There was a time when people used anything to crush garlic in the kitchen. But then someone realized the process would be easier and more convenient with a specialized tool, hence the garlic presser. Now, a new study published in Global Health: Science and Practice demonstrates this same concept can be applied to postpartum intrauterine devices (PPIUD), the T-shaped form of contraception that lasts up to 10 years. Don’t worry, there’s no crushing involved.

“People have been inserting IUDs postpartum, or immediately after birth, for quite a while: If there’s no hemorrhage after the placenta is out, the IUD goes in,” lead study author Dr. Paul D. Blumenthal, a professor of obstetrics and gynecology at the Stanford University Medical Center, told Medical Daily. “It’s just that we haven’t thought enough about it. We’ve seen enough of a demand and interest that if we’re going to continue to provide them, then we really need something specific to this purpose.”

Blumenthal and his collaborators have developed a new inserter for PPIUDs. Unlike conventional inserters, this one has an extra-long sleeve that makes it easier for providers to place an IUD at the top of a woman’s uterus. This way doctors avoid manual insertion with their fingers or forceps, methods that increase the risk of contamination, infection, and damage to the birth control device, according to the study.

What’s more, the new inserter also comes with a longer string that makes it easier for women to tell when the device moves out of place, which increases the risk of an unintended pregnancy.

Eighty women living in India tested the new device. Doctors inserted the IUD within 48 hours of delivery, then performed an abdominal ultrasound to make sure it was placed correctly. Six to eight weeks later, the women had another ultrasound to make sure the device was in the right place.

The results showed the PPIUD was convenient, safe, and worked as well as Blumenthal and his colleagues thought it would. It didn’t increase women’s pain level; they actually reported the same amount of pain they had experienced just moments before during delivery, which, in India, does not include anesthesia or epidurals. And in all but six cases, the IUD stayed in place. Blumenthal is now working on a larger, clinical trial that compares the effects of the new PPIUD with a conventional device applied with forceps.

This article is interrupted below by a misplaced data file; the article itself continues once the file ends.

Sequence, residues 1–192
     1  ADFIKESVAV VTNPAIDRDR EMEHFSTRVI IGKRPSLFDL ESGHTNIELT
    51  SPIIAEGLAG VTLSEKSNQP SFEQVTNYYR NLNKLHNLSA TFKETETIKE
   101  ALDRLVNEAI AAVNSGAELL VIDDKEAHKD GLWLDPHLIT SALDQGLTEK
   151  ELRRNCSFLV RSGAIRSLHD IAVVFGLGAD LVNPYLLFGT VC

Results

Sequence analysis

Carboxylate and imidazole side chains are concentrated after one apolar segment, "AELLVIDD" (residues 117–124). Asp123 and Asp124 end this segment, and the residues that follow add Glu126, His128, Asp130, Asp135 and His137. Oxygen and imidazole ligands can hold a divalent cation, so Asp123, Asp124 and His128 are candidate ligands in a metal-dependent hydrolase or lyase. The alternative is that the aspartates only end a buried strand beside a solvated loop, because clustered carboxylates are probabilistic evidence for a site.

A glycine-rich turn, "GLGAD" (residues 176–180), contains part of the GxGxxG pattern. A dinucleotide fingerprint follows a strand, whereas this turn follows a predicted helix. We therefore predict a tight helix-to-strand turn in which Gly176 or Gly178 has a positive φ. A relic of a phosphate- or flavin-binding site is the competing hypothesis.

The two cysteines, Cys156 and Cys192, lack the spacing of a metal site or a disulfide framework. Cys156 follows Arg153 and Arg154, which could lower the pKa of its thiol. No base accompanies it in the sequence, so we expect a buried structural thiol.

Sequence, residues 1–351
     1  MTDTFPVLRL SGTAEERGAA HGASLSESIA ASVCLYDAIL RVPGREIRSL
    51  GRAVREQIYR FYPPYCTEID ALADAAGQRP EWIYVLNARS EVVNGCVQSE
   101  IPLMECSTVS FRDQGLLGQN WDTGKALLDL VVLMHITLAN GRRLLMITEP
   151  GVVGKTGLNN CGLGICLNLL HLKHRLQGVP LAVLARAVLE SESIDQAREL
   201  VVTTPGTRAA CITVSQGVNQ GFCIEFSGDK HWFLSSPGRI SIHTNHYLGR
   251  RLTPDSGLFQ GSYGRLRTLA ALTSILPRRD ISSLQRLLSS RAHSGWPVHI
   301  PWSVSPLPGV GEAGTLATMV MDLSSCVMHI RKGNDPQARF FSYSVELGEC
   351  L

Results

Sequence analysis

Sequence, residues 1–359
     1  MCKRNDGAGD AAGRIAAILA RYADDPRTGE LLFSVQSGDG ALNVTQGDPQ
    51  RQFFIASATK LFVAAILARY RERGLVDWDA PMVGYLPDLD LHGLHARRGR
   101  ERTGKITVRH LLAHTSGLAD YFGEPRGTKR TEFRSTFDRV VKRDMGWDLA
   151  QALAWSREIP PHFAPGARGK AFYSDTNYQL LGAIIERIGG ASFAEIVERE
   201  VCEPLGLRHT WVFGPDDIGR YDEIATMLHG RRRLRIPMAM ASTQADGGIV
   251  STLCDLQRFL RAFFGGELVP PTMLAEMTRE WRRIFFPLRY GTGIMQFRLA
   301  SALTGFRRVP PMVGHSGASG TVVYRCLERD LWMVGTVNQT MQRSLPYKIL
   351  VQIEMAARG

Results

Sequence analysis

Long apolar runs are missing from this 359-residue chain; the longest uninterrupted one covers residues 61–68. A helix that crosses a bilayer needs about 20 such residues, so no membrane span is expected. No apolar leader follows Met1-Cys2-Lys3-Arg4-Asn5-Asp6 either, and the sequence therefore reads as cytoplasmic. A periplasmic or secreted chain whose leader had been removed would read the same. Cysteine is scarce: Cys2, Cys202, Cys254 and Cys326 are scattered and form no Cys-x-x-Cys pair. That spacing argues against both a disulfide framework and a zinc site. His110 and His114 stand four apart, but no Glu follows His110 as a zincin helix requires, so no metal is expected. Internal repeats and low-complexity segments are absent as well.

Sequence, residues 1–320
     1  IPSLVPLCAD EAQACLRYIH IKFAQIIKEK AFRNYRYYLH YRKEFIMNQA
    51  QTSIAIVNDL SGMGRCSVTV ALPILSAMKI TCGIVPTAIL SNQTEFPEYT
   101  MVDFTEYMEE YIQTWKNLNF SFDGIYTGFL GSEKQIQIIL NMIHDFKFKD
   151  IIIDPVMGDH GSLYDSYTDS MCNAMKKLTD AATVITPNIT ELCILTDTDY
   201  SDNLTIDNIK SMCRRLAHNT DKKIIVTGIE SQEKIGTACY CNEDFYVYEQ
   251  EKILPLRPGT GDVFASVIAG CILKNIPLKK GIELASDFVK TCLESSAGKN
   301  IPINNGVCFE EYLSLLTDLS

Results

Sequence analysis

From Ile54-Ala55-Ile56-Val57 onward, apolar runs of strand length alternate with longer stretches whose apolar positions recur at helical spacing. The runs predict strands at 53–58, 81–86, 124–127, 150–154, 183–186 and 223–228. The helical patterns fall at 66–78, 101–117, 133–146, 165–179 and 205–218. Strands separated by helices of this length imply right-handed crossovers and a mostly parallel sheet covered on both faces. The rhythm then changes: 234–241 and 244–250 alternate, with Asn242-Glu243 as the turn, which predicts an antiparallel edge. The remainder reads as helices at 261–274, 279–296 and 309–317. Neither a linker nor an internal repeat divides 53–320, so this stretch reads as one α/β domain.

Postpartum IUD
The extra-long sleeve makes it easier for providers to place an IUD at the top of a woman’s uterus. Courtesy of Dr. Paul D. Blumenthal

Not only does the new device suggest that postpartum family planning is taking off, as Blumenthal put it, it could also be a major step toward bridging the disparity in overall services offered to women around the world. For starters, Blumenthal prices the device at about $1. Pregna International, a collaborator in the study, has said it wants to bring it to market. This would reduce the financial barriers that prevent many women from choosing this form of birth control, Dr. Renee van de Weerdt, senior technical adviser on reproductive health commodities at the United Nations Population Fund, told Medical Daily.

“One of the success stories of the PPIUD is that it doesn’t require a medical intervention, just a skilled midwife or physician,” Weerdt said. “But in rural areas, trained health workers may not be available. Some countries, too, are biased toward the IUD and believe it’s inappropriate for younger girls, or rather, is better suited for women who have already had a baby.”

The fund provides low-priced, quality contraceptives to women around the world, giving them options that Weerdt believes are the cornerstone of successful family planning.

That’s a sentiment echoed by Jacqueline E. Darroch, senior fellow at the Guttmacher Institute, who estimates that an unmet need for modern contraceptives led to 54 million unintended pregnancies and 79,000 maternal deaths in developing countries in 2013. A separate survey from the Population Reference Bureau found that in many of the poorest countries, fewer than one in five married women use a modern method of birth control. Fewer services are linked to lower demand, Darroch told Medical Daily, and women need to be able to make informed choices when it comes to their reproductive health. Ideally, they would have access to actual birth control and trained providers who have ongoing provisions to keep up their skills and counsel women appropriately.

For women with limited access to birth control and trained professionals, postpartum is a serendipitous time to insert an IUD, Blumenthal said; everyone is already there. He added that the World Health Organization and Centers for Disease Control and Prevention have recently changed their PPIUD criteria, making the procedure a more acceptable choice for women and giving providers the go-ahead to consult more with their patients.

It’s worth noting that the inserter alone won’t bridge the disparity in family planning programs in developed and developing countries, Darroch said. The IUD is one of a number of very good contraceptive methods, but just because it’s great doesn’t mean it’s perfect for every woman at every stage of life. Women ultimately have to choose what is best for them and their partners.

Source: Blumenthal PD, et al. A Dedicated Postpartum Intrauterine Device (PPIUD) Inserter: Pilot Experience and Proof of Concept. Global Health: Science and Practice. 2016.